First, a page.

Image shows a table top with a row of blocks in the distance and a row of cars and a toy pig down the right side leading to the camera with words: Can we not just let them play and process and organise the way they want to? - Michelle Sutton

on stereotypes, perceptions and how easy it is to just be

You know the stereotype……  Autistic kids like lining things up.

Well, one of my Autistic kids does, but this post is only partly about that.

In my experience, the lining objects up stereotype is one of those things lots of people use to categorise Autistic kids as different, then either make light of it ( “he’s so Autistic LOL! #youmightbeanautismparentwhen “) or complain about it ( ” I’m so tired of tripping on all these lined up toys, will she *ever* grow out of this? ” ). It’s a form of othering.

In my house, we break that stereotype. One of my Autistic kids doesn’t line things up- never has. One of my non Autistic kids used to love lining up all the dinosaurs, in groups of same kind, and did so every day for about a year. So there’s that.

We find lots of the broadly accepted stereotypes don’t fit in our house at all.

I don’t really like stereotypes. I don’t really like othering, either. All they do is separate people from each other. I don’t really like separating people based on perceived differences.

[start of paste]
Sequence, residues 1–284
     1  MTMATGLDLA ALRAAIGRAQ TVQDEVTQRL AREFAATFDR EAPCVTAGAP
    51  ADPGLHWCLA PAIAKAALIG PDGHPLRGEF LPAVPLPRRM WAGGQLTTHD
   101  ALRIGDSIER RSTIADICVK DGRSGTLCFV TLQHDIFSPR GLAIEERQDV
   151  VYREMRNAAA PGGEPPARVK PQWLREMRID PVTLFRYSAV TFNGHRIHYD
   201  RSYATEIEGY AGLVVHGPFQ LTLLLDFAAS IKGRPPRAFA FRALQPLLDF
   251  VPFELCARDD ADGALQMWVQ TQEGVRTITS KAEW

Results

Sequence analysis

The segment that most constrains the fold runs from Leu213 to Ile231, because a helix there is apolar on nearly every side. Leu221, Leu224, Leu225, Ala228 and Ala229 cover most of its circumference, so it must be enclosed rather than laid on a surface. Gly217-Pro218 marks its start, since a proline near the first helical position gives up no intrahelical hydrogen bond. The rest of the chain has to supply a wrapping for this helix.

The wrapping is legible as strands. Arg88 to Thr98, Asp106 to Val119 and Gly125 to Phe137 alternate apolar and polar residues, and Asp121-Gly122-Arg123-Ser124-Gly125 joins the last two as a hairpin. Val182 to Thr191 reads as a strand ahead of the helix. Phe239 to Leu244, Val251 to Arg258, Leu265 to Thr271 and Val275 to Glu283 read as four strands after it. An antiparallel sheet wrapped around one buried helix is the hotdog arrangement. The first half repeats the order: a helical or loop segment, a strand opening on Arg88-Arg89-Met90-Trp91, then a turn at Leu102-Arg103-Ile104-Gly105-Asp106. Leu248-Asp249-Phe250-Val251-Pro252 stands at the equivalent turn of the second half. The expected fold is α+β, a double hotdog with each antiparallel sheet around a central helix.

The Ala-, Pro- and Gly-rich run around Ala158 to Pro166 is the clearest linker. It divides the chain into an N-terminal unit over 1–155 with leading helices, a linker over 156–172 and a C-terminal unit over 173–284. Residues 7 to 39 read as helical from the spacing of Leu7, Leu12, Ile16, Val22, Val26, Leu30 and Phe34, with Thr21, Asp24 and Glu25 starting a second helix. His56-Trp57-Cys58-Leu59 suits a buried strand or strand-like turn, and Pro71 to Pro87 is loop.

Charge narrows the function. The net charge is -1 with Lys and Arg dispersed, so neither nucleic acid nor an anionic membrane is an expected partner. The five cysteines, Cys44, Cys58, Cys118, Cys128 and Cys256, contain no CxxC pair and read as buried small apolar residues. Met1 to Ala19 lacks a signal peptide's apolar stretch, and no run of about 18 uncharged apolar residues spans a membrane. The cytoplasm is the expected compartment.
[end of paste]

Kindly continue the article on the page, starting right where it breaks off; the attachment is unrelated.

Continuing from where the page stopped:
This post is about not being separated by our differences.

Image shows a table top with a plant on it surrounded by cars and blocks neatly lined up in groups

Image shows a table top with a plant on it surrounded by cars and blocks neatly lined up in groups

This is a game set up by my daughters. One of them is Autistic and the other isn’t. You can see there is a lot of lining up going on here.  MissG, who is Autistic, does like to line things up, and MissK, who is not Autistic, doesn’t especially. Today MissK took MissG’s lead and this is how the game went. They had a great time. They don’t always play like this, sometimes they play in an array of things that look randomly placed and all over the room. Whatever works!

Now, I’m not going to claim that MissK was purposefully accommodating MissG’s preferences as an act of self sacrifice or anything like that. I don’t know that it was a deliberate decisions. And this isn’t a post about the stereotype of siblings putting up with so much, either.

But it got me thinking how simple it is to just be.

You see, so often people get caught up in the whole ‘Autism is bad and needs to be fixed’ dialogue. There is a perception that things like lining objects up is a sign that something is wrong and they get all worked up and worried that their child isn’t progressing like they should or playing the right way. But, why?

What is wrong with a bit of object organising? Really? Why does it matter? Can we not just let our kids be?

Can we not just let them play, and process and organise the way they want to? It’s what we do as adults, and we get upset if someone disrespects us by saying we shouldn’t.

Our kids are people, just as we are: do they not have the same rights? Why can’t we drop the stereotypes and perceptions and just let our Autistic kids be, in their own unique ways?

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